St. Catherine of Siena says our faith makes us lambs who roar like lions. She has touched on a great paradox: To say "I believe in God" is both the establishment of peace and the declaration of war.
When we believe He exists, when we believe what He has revealed, when we believe because of his great love, we are like lambs who follow the Lamb of God. At the same time, to believe in God is to take sides with the Author of human dignity and the Vindicator of all that is owed this dignity. Whenever the freedom and dignity of the human person is at stake, we must roar like lions.
If we rise for battle, our enemy is not flesh and blood. This is true even when those driven by arrogant hubris build new towers of Babel to wage war with Heaven. The rich and the powerful can abuse their social, cultural, political and financial authority with chilling cruelty, but they cannot separate us from the love of God. Attempts to mock, deride, belittle, marginalize or persecute those who try to live their faith merely signify the hostility towards God which lives in the hearts of all of us. Just as a disease is healed not by combating the symptoms but by dealing with the cause, Christ Crucified has definitively addressed the cause of our hostility to Him. People of faith are those who allow themselves to be used to apply His medicine.
To fight for hope, to save human dignity from the hostility that would destroy it, we must care for the sick, clothe the naked, feed the hungry, defend the oppressed, comfort the lonely, and bring relief to the poor. Against an entertainment industrial complex which mocks everything that is wholesome, we must promote healthy marriages, vibrant family life, the dignity of work and the rights of those who labor. Any affront to human dignity and freedom is another front in our fight for the truth. Yet this battle is not limited merely to the public square and the marketplace of public opinion, we must also take the fight to those places in our own hearts in which vestiges of this hostility still linger.
In this effort, even if we temporarily fall short, our hearts are sealed with the sign of our victory. It is a sign of love. It is the Sign of the Cross. And so we pick up our Cross. This is our act of faith. To believe like this is to choose sacrifice, all kinds of self-denial, and whatever else it takes so that everyone in our lives might thrive, realize all the God-given potential lavished upon them, and, most of all, discover that they too are loved beyond all measure.
What does this mean? Sometimes love will demand that we courageously speak the truth, that we speak for those who cannot speak for themselves. Sometimes love will demand that we bear things silently, trusting in our loving Father to shelter us when everything we hoped for seems to have been dashed to pieces. Sometimes love will demand that we return a blessing for a curse and that we seek the dignity with which God has endowed even our persecutors. Sometimes love demands that we must forgive and beg forgiveness. Love will rebuild what we have destroyed.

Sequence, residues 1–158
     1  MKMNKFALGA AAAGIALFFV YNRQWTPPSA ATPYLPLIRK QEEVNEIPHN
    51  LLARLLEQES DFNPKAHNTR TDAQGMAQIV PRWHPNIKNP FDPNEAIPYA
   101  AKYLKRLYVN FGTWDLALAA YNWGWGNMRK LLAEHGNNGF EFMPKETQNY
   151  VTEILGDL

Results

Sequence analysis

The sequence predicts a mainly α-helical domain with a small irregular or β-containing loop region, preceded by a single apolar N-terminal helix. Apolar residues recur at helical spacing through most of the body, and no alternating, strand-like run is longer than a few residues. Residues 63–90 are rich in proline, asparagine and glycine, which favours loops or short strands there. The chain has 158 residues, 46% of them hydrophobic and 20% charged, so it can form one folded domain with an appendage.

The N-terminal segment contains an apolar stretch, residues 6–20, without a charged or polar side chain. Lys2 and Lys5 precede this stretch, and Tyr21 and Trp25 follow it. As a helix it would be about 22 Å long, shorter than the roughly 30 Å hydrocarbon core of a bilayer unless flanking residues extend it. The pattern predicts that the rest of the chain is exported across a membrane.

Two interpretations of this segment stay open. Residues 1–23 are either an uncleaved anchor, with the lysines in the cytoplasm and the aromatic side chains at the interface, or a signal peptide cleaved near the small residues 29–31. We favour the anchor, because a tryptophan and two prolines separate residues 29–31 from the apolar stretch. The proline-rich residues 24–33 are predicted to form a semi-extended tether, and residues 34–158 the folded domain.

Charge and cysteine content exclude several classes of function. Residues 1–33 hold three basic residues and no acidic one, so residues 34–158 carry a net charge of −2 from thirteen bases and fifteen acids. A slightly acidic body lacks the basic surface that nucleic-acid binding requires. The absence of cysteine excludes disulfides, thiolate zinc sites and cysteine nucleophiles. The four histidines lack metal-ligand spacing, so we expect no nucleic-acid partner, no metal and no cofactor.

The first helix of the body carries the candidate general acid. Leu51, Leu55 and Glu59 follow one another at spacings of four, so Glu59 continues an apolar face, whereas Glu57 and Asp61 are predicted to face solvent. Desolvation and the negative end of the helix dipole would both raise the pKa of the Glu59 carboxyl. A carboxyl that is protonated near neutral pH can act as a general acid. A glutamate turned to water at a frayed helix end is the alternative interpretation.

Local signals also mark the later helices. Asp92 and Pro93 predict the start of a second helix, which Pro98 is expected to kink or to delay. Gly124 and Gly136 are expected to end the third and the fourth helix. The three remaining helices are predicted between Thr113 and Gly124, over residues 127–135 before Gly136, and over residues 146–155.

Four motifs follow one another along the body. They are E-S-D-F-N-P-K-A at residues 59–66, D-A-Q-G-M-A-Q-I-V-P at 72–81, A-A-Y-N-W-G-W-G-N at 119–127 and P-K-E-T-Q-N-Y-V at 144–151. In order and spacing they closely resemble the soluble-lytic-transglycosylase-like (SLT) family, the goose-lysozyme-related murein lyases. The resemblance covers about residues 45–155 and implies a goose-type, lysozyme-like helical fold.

The love faith makes possible is stronger than death. How can mere mortal flesh stand in the way of God when Love by becoming flesh has made our mortality itself a threshold to eternity? The ancient Romans learned that no law or mandate or edict or enforcement of court order can stop love. Nazis and Communists learned that turning people of faith into outlaws and criminals cannot stop love. Should constitutional republics devolve into a mob's tyranny, these tyrants, like those that went before them, will also learn that the meek and lowly can be humiliated to the point of physical harm, but love cannot be overcome. The true Christian in fact learns to see all of this as a great blessing: to suffer for the love of God only means that God has found one worthy to follow the footsteps of the One Crucified by love.
When we step out in faith against the powerful cultural and political forces of our age no matter how feeble our effort. our Vindicator will step forward. And we must rise. The blood of the unborn - these our own sons and daughters, our own brothers and sisters, our own neighbors - their blood screams out to Heaven. What peace can we have until their voice is heard? Their still silent cry calls to us and reverberates with the even more silent cry of God. Those who know this heart piercing silence lose all fear of suffering or sacrifice or renunciation or trials or ridicule or rejection. In the peace of Christ, they are prepared for war.